2. I’ve competed in FILA/UWW world competition basically since its inception. In my opinion it is superior to all other grappling/bjj organizations. Rules encourage a more well rounded game. The federation is a REAL federation with actual country & continent representation as opposed to being a family owned or private promotion. Each country must send only one athlete per weight and each athlete has to qualify to participate. Three referees (mat, mat side & table) all from different countries, no Brazilian biases. Also there is a disputed call and replay/review process. Very well run events and the host country changes each year which also encourages fairness.

    • They (UWW) currently have both Gi and No Gi Grappling competitions as well as Amateur MMA and Pankration being contested at their world events. Also to clarify in the article, FILA never disbanded, they simply changed names and branding. The federation has made internal cleanups and modifications but never dissolved.

  3. This is bullshit what is UWW grappling?? Is BJJ that was changed the name and changed the rules a little bit, is was something else why just started few years ago and not decades like BJJ I like the guy learn boxing and train Jab and cross hook and upper cut and change the name of the art and rules and tell them is not boxing!

  4. The American Judo and Jujitsu Federation spent two years to come up with a perfectly good sport version of Jujitsu for the AAU. This was over 15 years ago. It was sanctioned and competed in for years, until Brazilian Jujitsu tournaments became popular. At that time the AAU did not like what they saw of BJJ and the other offshoots of it, the popularity of the BJJ styles did not suit the safety they had in mind, and all jujitsu was DROPPED jujitsu from their listed curriculums. A letter was put out by the AAU saying just that. Look it up. We used to join the AAU as a jujitsu club and members, now we have to join as Judo or Baton Twirling (hey it’s a martial art 😉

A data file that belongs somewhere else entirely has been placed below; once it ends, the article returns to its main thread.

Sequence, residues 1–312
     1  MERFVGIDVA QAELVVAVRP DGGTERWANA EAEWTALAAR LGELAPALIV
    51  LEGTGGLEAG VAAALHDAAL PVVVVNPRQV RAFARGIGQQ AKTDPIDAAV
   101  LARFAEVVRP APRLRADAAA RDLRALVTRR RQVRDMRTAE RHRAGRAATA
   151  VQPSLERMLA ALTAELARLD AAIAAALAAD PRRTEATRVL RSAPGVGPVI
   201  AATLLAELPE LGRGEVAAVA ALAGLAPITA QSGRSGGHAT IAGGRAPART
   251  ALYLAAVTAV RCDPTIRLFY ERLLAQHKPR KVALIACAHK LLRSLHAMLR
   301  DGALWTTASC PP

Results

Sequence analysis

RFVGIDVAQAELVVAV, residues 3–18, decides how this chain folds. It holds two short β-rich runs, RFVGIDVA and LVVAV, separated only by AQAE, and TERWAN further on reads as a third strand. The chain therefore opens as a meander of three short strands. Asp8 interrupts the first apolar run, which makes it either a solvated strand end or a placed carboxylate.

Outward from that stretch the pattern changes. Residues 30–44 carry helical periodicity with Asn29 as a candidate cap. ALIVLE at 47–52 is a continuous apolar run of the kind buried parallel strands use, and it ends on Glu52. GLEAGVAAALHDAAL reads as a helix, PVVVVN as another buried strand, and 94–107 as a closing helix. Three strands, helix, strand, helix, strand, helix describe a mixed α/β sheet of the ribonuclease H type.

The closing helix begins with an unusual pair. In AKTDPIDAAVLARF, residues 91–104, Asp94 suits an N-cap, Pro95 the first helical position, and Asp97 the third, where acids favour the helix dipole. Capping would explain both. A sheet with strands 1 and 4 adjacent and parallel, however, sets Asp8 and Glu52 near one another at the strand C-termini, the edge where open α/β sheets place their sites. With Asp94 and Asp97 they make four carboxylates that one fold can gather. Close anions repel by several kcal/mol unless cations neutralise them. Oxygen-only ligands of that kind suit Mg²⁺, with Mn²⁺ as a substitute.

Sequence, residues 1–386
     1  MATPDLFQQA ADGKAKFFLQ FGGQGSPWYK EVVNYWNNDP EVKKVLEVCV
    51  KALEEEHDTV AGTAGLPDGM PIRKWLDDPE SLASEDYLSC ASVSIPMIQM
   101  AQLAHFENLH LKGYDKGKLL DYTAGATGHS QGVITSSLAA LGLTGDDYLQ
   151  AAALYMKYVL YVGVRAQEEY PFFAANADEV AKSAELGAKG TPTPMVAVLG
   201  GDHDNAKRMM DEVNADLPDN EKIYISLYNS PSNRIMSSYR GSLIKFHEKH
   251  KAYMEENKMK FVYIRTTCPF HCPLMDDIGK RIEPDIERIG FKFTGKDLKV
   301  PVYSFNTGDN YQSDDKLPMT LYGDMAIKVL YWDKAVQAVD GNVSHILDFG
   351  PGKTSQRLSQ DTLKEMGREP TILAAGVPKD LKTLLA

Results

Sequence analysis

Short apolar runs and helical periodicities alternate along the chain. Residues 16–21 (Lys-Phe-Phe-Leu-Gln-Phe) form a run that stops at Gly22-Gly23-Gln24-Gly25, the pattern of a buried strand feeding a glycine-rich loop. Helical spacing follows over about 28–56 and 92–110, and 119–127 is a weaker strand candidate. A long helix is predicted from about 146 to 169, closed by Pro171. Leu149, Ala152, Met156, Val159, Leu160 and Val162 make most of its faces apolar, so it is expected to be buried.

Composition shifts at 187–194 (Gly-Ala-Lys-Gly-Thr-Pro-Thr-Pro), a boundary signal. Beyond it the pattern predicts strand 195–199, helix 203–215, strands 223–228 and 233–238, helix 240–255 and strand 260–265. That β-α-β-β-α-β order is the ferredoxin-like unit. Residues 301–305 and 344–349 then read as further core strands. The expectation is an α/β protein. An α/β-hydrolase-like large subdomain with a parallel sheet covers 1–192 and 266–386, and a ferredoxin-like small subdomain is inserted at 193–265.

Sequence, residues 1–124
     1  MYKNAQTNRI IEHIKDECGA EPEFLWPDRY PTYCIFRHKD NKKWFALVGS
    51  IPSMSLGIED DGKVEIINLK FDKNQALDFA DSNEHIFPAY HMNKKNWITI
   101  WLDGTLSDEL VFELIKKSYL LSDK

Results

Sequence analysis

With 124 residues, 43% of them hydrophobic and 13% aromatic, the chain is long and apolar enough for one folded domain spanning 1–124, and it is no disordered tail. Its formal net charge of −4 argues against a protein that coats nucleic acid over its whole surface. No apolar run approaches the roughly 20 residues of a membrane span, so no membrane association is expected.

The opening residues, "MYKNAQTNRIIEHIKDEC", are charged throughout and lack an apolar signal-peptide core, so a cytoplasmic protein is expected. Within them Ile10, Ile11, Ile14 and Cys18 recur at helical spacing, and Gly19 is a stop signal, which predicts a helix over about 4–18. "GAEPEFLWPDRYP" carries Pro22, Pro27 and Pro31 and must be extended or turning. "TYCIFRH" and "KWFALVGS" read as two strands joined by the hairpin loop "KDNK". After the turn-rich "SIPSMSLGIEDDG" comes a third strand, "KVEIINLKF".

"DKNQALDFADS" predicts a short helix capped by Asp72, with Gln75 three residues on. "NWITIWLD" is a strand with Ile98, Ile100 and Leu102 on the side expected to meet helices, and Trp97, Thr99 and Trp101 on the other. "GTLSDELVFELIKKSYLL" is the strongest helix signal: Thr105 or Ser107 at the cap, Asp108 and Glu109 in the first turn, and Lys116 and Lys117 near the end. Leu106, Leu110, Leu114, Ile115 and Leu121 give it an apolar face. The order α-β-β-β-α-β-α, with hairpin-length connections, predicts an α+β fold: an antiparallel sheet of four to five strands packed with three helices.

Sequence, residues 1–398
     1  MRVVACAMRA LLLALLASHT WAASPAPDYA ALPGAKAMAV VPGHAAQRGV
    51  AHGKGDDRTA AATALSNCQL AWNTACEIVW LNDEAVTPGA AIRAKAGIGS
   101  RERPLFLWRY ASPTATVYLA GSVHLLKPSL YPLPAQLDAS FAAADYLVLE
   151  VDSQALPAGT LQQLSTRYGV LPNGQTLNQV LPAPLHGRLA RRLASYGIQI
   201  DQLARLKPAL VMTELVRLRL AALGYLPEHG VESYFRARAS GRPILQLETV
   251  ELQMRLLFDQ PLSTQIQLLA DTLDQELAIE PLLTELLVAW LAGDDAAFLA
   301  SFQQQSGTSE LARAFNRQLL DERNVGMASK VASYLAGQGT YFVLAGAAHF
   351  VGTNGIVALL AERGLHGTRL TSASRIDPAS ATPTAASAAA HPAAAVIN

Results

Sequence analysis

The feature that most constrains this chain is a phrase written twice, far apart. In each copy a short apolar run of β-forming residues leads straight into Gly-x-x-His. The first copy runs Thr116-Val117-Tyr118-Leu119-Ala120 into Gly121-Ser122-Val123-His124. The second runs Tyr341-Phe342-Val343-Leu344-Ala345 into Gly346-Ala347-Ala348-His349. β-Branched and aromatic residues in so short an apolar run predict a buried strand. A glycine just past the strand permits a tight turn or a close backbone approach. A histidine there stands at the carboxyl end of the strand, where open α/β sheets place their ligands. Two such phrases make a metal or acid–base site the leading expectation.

5. One reason why BJJ should never make it to the Olympics is the fact that BJJ is, basically, a rip-off of Judo, focusing on a subset (ground fight) of Judo techniques. Judo has been simplified in order to become an olympic sport: ground fight is very limited in competitions. Even though jiu-jitsu fighters are the best when it comes to newaza, don’t forget: BJJ = basically just Judo.

    • your opinion is quite biased and based on misunderstanding on martial art. historically BJJ came from Judo. but BJJ has unique philosophy on fight, which totaly differ from judo. The philosophy makes BJJ’ technicque and principle of movement change far differently. As a practitioner of Judo and BJJ, I have seen so many people having a hard time to transit from one to the other. Judoka take long time to understand the mindset of Jiujiteiro and principle of movement. The opposite is as same as well. Even when it comes to using strength of muscle and standing strategy, those of BJJ become similar to those of wrestling. If you think both are similar, the reason is cause you compare their technicque in too superficial level or you have some fantasy on old Judo. Newaza is just Japanese word of ground fighting. Ground fighting is not only attributed to Judo. some people think newaza in Judo is far unique, but it’s not true. In early 20C wrestler could fight with judoka on the ground including submmision. some series of skills might be unique, but that’s all. the view of ground fight was same to others. throw, grab upper body tight, submit or pin. the concept of guard was too weak in judo. You may think Judo had lost their ground skills for sport. but it’s not also true. Judo dojo have never dropped newaza teaching in their program. their ground game is not lost, but just no progress. No one can imagine to fight like BJJ. BJJ totally changed the aspect of ground fight. BJJ=Judo is a biased conclusion from neglecting this fact on purpose. And grappling of UWW is a bad attempt to taking the success of BJJ.